Companies that specialize in tattoo removal aren't focused only on tattoos. Fortunately for us, they tend to specialize in the larger demographic trend of using lasers for aesthetic treatments and cosmetic procedures including wrinkle removal, skin tightening and scar removal. These procedures are growing industrywide at a pace of 30% per year.

The stock in the sector that I believe deserves to be included in a Forever Portfolio is Cynosure ( CYNO).

Cynosure also develops lasers for aesthetic treatment -- everything from cellulite removal to varicose vein removal to tattoo removal. You can find some before-and-after shots on the company's Web site.

Again, these are companies that are involved in all aspects of minimally invasive cosmetic treatments, which are riding a huge demographic trend. I plan on covering this space in more depth over the next few weeks. One of the companies I'm particularly interested in has more than $60 million in net cash and 230% year-over-year earnings growth.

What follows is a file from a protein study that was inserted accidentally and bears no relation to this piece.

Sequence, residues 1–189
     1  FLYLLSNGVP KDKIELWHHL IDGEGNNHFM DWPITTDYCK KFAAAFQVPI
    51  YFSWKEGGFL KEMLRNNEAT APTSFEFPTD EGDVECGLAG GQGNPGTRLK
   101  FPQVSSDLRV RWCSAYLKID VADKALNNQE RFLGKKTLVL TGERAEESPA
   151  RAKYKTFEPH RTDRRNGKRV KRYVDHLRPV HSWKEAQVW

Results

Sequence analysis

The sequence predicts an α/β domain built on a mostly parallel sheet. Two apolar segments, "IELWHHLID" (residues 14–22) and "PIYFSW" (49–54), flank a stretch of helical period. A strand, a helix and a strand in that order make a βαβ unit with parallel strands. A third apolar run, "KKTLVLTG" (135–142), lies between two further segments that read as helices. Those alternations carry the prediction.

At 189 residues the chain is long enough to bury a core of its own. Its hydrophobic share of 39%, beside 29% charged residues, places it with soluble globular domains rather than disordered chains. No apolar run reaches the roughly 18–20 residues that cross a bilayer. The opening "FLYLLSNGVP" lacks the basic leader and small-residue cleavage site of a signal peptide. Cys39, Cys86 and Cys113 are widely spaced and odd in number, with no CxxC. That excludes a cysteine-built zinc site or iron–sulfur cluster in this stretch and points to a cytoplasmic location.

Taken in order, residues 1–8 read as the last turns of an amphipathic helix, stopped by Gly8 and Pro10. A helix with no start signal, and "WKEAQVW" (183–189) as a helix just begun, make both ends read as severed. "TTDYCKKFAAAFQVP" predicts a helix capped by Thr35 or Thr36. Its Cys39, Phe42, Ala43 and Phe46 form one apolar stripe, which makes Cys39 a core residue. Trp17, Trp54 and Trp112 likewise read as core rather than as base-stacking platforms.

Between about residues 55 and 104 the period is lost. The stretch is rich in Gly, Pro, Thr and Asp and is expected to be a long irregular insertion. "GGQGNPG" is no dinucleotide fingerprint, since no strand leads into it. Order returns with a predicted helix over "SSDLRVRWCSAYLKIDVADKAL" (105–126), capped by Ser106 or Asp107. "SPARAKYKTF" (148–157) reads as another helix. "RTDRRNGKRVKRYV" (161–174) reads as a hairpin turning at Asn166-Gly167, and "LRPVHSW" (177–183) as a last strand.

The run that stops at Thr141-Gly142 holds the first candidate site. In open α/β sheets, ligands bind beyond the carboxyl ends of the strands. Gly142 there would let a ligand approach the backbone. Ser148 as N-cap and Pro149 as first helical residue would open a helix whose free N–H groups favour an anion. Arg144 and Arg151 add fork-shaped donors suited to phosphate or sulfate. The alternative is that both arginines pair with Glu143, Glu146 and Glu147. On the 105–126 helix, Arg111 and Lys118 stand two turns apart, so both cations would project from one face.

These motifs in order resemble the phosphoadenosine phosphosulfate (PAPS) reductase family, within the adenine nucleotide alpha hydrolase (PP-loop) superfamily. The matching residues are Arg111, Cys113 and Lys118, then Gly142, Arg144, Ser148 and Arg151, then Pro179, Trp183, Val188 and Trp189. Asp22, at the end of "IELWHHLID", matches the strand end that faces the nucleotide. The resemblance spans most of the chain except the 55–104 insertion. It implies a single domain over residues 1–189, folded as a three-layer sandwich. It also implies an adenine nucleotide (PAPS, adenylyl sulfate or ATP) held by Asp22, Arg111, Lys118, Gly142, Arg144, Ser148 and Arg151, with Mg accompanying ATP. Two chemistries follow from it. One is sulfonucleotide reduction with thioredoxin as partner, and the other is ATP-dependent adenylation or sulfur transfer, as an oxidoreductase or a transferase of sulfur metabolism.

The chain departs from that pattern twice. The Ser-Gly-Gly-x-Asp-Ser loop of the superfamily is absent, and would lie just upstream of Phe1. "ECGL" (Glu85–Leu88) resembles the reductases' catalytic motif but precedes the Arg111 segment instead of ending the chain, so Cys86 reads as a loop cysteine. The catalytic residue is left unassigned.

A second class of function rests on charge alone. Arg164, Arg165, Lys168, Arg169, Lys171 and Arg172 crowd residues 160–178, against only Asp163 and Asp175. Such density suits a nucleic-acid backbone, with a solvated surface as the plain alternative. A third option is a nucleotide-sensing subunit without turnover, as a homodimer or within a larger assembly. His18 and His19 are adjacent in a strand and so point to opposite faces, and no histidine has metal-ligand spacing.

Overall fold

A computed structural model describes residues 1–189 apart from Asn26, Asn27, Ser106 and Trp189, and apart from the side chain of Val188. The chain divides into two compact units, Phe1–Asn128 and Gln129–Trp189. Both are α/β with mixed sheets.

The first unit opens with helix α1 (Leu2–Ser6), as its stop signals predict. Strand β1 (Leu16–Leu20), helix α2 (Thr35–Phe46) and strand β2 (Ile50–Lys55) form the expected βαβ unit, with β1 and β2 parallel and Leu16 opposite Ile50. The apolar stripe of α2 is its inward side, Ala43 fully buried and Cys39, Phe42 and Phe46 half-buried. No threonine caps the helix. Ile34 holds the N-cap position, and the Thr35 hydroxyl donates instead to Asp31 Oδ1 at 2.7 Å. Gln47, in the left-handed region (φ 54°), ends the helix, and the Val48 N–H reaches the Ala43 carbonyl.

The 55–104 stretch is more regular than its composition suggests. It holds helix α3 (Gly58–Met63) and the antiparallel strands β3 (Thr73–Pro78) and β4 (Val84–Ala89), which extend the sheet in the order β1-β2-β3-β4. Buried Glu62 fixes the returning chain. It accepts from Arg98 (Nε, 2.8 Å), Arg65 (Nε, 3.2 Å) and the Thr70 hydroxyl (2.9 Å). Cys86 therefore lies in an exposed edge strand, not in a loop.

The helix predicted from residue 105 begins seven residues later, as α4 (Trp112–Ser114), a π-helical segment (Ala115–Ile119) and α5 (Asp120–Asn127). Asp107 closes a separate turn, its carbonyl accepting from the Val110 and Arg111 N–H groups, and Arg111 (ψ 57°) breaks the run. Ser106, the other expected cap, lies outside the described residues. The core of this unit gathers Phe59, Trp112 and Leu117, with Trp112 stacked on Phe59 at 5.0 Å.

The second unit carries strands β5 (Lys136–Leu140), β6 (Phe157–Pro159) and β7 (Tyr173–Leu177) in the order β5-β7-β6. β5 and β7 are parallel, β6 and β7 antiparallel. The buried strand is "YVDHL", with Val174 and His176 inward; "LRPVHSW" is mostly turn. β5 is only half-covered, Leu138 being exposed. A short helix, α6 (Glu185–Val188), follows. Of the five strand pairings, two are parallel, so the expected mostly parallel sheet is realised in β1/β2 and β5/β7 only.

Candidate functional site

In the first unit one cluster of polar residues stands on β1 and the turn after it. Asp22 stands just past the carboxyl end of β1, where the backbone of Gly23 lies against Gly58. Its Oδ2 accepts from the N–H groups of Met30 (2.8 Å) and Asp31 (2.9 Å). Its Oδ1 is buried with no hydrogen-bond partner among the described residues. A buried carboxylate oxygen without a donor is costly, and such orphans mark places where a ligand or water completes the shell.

Other competitors of Venus Medical Technologies include AngioDynamics ( ANGO). and Vascular Solutions ( VASC). Competitors of Cynosure include Candela ( CLZR), Cutera ( CUTR) and Palomar Medical Technologies ( PMTI).

Please note that due to factors including low market capitalization and/or insufficient public float, we consider VNUS, ELOS and CYNO to be small-cap stocks. You should be aware that such stocks are subject to more risk than stocks of larger companies, including greater volatility, lower liquidity and less publicly available information, and that postings such as this one can have an effect on their stock prices.\

James Altucher is president of Stockpickr LLC, a wholly owned subsidiary of TheStreet.com and part of its network of Web properties, and a managing partner at Formula Capital, an alternative asset management firm that runs a fund of hedge funds. He is also a weekly columnist for the Financial Times and the author of Trade Like a Hedge Fund, Trade Like Warren Buffett and SuperCa$h. Under no circumstances does the information in this column represent a recommendation to buy or sell stocks. Altucher appreciates your feedback; click here to send him an email.